Welp, I bit the bullet. I didn’t want to do it, but that stupid little icon just kept taunting me to upgrade. Fully aware that this would re-secure root access and dash any hopes of running Android Market (which makes it sooo easy to get apps), I decided to take a leap and hope* that someone would crack it again someday. So far I’m okay with my decision. Mind you, I hardly think this will change how I feel about RIM right now, but I’d be remiss not to acknowledge a positive step forward.

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Oh RIM, ever since I jumped on the smartphone bandwagon four years ago I reveled in this wonderful new ability to get things done on-the-go. I still remember the feeling as I took my Curve 8900 home for the first time. Coming from a RAZR, it felt like I had magic at my fingertips. I mean, it had a qwerty keyboard for crying out loud. Ever the frugalist, I entrusted RIM with the task of being my sole internet provider as wi-fi wasn’t abundant (or rather I was too cheap for a faster ISP). In a pinch I could tether my Curve to Silvia for a quick email, or a light web browsing session. Sure it was slow, but I was “mobile”. Yup, Silvia and “Odie” (yes I name everything) made a great team. Then something happened.

As a tinkerer, and someone who generally likes to unlock new potential in older things, I became wrapped up in the world of beta software. Every now and then they’d add something new to appease my boredom, but nothing really wowed me. By this time I’m sure the iPhone debuted, and I found my phone spinning its wheels trying run all these newfangled apps RIM was trying to catch up with (hourglass reference). I even found myself under attack because of what phone I was wielding. Which was odd to me, I never thought of a tool as an outward expression of self. After installing beta OS after beta OS, it became clear that BlackBerry wasn’t gonna rule. At first I tried to deny it, focusing on the utilitarian and even minimalist qualities in the experience. Less is more. Less distraction, more productivity. Once I got a taste of broadband, I needed more speed. And I had hoped I could get it from RIM.

“Hope is the denial of reality” —Margaret Weis

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After making such a killing sniping great prices for parts, I was understandably eager to rip the cellophane and get to work. But actually, I was holding off because I intended to do the build with my little nephew. He… had other plans so I was on my own. As I mentioned previously, I was pretty much following the parts list provided in tonymacx86’s CustoMac Mini 2011 post with one small exception, the case.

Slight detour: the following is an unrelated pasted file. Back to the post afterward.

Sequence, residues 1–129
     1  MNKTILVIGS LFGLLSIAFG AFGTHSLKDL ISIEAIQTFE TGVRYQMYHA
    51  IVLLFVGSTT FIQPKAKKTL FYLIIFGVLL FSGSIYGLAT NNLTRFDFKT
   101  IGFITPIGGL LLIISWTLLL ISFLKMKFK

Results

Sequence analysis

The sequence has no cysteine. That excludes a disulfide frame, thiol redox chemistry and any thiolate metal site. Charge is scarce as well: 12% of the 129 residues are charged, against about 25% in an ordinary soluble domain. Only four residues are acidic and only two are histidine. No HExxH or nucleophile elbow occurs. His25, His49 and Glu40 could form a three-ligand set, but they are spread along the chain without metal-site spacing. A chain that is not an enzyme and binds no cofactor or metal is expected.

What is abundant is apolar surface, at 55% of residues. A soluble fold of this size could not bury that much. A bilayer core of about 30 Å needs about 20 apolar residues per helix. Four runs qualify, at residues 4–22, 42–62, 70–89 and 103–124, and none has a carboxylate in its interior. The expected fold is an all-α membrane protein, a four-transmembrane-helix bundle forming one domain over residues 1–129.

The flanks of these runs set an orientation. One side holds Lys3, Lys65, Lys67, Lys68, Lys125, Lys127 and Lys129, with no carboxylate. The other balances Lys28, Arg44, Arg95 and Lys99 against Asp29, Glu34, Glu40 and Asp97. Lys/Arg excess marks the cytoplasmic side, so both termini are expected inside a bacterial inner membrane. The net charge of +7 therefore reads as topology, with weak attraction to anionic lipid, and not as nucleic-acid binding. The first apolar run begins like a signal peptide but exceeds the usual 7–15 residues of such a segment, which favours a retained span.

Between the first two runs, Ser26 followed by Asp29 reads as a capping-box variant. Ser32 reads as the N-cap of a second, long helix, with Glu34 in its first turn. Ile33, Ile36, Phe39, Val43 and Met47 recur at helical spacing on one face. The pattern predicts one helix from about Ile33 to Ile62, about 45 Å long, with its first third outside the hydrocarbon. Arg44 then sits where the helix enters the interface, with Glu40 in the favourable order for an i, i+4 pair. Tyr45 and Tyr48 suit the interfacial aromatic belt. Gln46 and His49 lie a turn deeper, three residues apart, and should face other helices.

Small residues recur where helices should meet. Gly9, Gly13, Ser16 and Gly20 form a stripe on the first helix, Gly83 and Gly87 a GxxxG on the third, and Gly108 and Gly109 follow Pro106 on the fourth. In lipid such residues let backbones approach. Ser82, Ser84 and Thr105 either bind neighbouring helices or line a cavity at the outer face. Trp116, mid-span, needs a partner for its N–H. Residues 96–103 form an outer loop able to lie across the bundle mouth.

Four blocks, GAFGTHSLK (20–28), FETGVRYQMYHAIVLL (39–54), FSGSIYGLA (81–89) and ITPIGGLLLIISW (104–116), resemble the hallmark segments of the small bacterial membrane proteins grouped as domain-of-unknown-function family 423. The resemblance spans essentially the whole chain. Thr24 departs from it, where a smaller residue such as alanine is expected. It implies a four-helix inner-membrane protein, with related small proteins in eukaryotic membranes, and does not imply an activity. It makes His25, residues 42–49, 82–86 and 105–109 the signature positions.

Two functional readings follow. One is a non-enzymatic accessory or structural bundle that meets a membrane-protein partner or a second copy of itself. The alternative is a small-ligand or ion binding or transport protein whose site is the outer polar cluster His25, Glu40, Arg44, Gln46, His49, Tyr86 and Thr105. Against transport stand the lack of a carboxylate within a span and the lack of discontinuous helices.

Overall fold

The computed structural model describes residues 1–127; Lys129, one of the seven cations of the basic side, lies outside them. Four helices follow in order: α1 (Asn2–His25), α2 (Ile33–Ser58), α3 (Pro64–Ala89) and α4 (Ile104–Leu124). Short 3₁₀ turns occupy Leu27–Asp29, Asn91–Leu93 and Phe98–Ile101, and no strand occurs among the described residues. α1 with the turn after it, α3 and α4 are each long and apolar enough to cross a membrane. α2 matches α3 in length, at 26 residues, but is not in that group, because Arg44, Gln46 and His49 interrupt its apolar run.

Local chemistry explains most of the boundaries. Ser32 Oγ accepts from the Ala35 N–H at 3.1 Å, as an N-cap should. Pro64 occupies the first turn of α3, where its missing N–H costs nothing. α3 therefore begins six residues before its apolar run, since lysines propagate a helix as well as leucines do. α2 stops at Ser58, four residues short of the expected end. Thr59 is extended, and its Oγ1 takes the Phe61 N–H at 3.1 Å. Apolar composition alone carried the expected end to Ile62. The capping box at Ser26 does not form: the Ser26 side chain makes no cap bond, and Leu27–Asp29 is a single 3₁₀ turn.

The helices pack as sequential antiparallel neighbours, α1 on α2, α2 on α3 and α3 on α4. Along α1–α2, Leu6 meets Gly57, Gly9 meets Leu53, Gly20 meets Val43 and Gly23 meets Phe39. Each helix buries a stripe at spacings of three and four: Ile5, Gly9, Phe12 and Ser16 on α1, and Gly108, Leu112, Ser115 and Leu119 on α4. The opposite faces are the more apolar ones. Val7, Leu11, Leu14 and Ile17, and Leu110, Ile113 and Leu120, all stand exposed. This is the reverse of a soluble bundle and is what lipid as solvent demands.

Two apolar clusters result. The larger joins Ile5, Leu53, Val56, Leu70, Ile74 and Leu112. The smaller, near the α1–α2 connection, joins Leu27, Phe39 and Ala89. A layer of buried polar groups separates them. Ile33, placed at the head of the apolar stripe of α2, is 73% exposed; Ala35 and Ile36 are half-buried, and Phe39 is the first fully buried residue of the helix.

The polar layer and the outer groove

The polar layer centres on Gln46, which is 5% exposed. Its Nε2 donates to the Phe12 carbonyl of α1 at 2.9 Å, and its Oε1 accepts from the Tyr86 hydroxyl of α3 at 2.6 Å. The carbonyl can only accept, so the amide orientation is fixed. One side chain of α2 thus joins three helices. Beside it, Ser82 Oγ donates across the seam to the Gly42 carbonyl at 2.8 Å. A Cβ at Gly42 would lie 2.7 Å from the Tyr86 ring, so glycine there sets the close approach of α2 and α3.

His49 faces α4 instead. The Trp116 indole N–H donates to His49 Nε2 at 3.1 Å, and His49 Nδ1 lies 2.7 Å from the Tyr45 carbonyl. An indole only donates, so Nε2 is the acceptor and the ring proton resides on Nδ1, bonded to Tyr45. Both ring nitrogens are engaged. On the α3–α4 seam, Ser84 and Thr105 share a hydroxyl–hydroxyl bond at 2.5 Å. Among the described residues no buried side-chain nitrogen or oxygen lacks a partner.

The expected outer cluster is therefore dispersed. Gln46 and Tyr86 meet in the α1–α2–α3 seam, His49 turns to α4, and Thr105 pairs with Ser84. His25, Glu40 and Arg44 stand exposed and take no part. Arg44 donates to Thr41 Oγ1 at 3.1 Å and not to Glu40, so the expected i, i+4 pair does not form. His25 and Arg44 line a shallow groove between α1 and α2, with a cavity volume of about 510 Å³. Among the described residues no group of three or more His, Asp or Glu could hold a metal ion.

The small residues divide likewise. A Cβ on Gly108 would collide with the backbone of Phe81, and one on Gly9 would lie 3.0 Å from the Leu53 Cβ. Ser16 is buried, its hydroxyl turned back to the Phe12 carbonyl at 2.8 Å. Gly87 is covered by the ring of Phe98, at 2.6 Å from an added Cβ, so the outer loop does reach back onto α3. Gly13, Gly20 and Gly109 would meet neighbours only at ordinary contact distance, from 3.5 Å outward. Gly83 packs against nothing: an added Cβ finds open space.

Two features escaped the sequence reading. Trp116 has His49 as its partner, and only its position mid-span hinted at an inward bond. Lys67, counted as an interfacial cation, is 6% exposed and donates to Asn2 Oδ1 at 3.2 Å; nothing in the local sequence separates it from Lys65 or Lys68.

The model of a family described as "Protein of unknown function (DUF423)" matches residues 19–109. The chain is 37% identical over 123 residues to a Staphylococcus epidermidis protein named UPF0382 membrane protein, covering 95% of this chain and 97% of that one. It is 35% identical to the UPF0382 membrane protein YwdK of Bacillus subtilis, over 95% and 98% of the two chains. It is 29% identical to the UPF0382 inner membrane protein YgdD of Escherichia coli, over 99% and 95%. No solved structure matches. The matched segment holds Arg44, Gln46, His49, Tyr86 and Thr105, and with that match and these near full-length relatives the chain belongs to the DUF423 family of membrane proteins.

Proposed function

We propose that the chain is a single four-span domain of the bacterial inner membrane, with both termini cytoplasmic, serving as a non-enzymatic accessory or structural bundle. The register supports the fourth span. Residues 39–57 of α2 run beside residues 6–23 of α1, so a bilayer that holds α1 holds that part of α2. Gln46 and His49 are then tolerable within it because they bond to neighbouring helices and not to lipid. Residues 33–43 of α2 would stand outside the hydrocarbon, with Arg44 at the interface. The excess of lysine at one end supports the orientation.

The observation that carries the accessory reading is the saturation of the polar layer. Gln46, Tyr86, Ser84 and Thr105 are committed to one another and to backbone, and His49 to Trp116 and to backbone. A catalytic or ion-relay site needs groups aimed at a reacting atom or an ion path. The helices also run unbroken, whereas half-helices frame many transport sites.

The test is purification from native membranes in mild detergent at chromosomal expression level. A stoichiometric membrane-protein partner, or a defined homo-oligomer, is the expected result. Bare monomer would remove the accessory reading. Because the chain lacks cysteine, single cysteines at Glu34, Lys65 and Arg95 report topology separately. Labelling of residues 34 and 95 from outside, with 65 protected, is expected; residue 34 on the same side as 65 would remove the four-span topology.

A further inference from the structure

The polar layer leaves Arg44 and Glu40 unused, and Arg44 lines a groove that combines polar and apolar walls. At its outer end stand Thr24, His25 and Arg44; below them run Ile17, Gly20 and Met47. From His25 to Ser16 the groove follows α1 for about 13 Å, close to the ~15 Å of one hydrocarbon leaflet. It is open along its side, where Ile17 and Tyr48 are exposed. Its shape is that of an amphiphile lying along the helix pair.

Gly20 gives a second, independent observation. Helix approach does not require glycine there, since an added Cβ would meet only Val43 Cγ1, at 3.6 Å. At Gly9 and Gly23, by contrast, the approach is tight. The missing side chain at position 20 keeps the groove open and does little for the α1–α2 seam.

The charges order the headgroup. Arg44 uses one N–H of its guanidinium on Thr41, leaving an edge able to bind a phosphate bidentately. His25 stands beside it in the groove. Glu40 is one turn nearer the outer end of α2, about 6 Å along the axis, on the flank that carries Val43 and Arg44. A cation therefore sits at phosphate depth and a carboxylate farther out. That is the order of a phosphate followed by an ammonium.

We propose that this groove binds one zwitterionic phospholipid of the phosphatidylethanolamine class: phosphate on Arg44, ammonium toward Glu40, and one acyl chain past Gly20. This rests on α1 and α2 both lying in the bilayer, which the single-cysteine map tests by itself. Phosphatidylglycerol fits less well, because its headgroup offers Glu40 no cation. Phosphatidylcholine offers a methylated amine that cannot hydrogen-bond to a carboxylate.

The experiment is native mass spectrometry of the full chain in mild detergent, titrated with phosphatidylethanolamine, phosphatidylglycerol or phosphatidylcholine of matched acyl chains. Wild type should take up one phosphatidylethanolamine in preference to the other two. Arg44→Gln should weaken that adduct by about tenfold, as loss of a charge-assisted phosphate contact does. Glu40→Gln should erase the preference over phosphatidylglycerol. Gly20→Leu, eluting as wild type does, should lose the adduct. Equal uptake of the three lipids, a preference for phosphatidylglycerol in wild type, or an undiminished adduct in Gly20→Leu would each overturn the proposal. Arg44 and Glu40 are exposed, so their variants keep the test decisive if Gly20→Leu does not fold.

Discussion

He listed the Apex MI-008, but I chose the MI-100 instead. I stuck with the same manufacturer because I didn’t want any unforeseen fitting issues and their frames were pretty much identical. I really just found the face of the MI-100 to be more pleasing. The directions that came with the case weren’t exactly crystal clear, but after some trial and error I managed to put the right screws in the right places. I have to say, making all the connections to the motherboard was a little intimidating. Most of my experience so far was with laptops. But I knew enough to ground myself and avoid bending any of the pins on the processor (It seems now they have they pins on the motherboard instead). I also had Gigabyte’s instructions, which where a little easier to follow. The first thing I noticed

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Drawing upon what I learned with Silvia, I was beginning to think about building my own computer. Didn’t look that hard to build, the real hard part seemed to be finding the right parts for a good price with an upgrade path. I read a few posts over on lifehacker but the price just wasn’t right, not if wanted to use new components. So I put it off until I could either find a good deal, or maybe a decent bare bones kit that met my needs right now and could be upgraded later.

Around this time I had also read a few lifehacker posts on building a hackintosh. They referenced tonymacx86, so I started reading his blog as well. I was always curious about macs. We had a Mac lab in one of my high schools, and since I grew up mainly on PCs, they just seemed odd with their single button mouse and multicolored plastic. Obviously since then Apple has blossomed quite a bit (if only I bought stock). Now macs are in vogue or some sort of personal brand statement. I was always too counter culture to buy in, and as a tinkerer, I hate when companies put measures in place to prevent me from taking a look inside or tell me to leave such things to “professionals”. How insulting. I hate that almost as much as I hate the RadioShack guy suggesting I purchase $50+ HDMI cables. Enter the CustoMac Mini 2011. Read the rest of this entry »

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